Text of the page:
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    ajharbison on 03.16.2010

    I will have to see Evita and let you know what I think. I haven’t seen Joseph either. I don’t think I would necessarily say, though, that that means Webber is better than Sondheim at writing musicals. Sweeney Todd, for example, has at least twenty distinct leitmotifs that appear throughout the score, and is also mostly sung rather than spoken (see the Wikipedia page here). Sondheim is pretty much a genius any way you look at him. But I will definitely have to check out Evita.

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    Mark Harbison on 03.16.2010

    I suppose not, that may have been an overstatement. I just meant to suggest that perhaps Webber’s genius lies not in the composition of music in individual songs, but in the construction of the whole. In a musical like Evita, it’s hard to take most of the songs out of context and really appreciate them.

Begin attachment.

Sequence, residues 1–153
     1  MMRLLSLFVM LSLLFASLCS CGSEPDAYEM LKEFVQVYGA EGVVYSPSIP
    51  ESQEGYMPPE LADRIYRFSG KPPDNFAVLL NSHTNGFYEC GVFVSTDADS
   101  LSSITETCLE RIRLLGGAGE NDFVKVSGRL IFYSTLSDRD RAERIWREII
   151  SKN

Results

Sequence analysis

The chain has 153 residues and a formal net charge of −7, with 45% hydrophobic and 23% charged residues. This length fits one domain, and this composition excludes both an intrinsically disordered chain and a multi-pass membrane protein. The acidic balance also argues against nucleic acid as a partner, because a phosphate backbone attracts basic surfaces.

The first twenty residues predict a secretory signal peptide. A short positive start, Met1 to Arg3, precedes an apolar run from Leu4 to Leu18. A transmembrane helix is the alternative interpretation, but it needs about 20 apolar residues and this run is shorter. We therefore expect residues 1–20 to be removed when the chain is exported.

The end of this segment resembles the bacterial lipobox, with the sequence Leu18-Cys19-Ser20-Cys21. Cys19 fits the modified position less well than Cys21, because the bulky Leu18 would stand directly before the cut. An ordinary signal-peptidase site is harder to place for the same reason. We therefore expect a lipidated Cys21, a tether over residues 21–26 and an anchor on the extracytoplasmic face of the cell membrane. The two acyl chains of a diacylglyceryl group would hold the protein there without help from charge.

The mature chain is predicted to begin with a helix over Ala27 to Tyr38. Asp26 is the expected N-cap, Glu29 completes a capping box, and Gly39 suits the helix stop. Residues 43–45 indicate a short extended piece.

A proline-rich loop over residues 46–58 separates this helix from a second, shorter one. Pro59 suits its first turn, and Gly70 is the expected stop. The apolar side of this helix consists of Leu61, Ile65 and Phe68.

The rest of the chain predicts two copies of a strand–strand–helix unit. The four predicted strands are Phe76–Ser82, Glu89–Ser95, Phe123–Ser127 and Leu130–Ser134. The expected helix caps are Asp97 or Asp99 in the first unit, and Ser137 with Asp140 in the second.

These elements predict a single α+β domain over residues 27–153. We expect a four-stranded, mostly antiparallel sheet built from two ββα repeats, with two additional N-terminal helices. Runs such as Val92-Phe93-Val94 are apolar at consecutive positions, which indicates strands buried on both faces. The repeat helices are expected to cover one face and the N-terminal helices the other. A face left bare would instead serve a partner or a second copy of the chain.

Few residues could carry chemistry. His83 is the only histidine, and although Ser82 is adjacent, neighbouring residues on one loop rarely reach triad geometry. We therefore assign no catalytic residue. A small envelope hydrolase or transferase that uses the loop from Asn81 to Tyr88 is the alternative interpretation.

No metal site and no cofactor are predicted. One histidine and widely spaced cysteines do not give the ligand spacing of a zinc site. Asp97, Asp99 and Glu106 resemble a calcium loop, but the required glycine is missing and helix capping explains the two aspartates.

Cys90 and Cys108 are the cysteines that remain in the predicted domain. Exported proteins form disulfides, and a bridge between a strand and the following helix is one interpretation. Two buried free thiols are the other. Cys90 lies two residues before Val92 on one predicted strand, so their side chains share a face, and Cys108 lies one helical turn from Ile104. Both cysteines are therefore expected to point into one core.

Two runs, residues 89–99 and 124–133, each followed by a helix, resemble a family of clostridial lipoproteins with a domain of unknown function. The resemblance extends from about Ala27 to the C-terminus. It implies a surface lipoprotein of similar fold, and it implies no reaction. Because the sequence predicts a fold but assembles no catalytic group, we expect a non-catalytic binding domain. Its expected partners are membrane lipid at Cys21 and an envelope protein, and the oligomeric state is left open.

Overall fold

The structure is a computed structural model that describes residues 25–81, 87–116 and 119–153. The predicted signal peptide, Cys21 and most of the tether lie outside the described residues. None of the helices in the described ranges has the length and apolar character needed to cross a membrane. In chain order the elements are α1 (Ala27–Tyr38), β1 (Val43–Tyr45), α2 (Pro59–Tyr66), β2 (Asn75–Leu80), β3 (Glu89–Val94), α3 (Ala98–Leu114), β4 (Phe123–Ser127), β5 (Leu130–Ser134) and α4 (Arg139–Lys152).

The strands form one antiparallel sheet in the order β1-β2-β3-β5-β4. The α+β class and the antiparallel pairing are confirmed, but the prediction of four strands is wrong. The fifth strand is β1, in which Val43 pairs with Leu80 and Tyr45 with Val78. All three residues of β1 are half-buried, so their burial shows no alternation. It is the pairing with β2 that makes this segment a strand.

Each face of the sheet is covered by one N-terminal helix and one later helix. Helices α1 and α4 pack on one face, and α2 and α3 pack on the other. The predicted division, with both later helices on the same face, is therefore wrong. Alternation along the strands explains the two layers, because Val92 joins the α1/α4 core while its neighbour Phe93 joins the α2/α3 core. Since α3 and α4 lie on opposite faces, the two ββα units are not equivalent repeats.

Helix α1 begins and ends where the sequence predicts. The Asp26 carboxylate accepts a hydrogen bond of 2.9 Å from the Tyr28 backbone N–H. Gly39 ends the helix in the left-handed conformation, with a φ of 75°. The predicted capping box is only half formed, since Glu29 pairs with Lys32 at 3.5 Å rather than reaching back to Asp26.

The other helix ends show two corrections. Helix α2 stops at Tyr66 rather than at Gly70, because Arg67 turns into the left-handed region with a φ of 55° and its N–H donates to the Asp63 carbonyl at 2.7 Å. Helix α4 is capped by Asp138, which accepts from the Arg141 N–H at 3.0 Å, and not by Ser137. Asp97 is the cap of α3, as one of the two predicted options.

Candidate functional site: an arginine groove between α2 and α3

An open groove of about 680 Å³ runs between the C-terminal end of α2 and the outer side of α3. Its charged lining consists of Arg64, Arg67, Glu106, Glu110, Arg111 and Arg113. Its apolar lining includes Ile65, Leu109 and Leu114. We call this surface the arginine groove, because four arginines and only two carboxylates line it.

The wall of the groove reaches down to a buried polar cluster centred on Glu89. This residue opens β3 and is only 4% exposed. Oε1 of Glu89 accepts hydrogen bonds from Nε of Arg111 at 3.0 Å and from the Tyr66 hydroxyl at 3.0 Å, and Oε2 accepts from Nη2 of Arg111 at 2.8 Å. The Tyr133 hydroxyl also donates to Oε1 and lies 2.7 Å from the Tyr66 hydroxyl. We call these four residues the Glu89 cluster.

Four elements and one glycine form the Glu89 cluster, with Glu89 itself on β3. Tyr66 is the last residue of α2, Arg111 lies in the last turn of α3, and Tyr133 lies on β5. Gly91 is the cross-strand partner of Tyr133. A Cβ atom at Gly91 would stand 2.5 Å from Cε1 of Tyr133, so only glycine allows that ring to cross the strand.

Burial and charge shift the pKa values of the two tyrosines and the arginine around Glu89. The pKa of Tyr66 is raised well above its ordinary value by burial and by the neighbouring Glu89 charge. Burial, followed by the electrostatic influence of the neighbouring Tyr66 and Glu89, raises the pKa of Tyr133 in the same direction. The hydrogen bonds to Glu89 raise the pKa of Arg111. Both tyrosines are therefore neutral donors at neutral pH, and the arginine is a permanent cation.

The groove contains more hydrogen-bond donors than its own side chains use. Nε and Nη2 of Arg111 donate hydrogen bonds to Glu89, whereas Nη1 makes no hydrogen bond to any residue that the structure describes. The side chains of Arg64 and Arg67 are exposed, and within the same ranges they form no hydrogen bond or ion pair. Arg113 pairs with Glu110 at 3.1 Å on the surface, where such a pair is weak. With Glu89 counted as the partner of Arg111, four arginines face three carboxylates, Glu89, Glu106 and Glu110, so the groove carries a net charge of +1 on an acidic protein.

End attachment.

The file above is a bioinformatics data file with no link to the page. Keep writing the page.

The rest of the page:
It’s also possible that Webber is less concerned with musical brilliance and more concerned with basic emotional response. That’s not to say that Sondheim’s music doesn’t provide a catalyst for emotion, but there might be a difference in goal. Although, again, I’m not sure how much this matters to you.

    You should put the movie Evita on your Netflix queue. It’s oddly starring Antonio Banderas and Madonna, but it’s really good.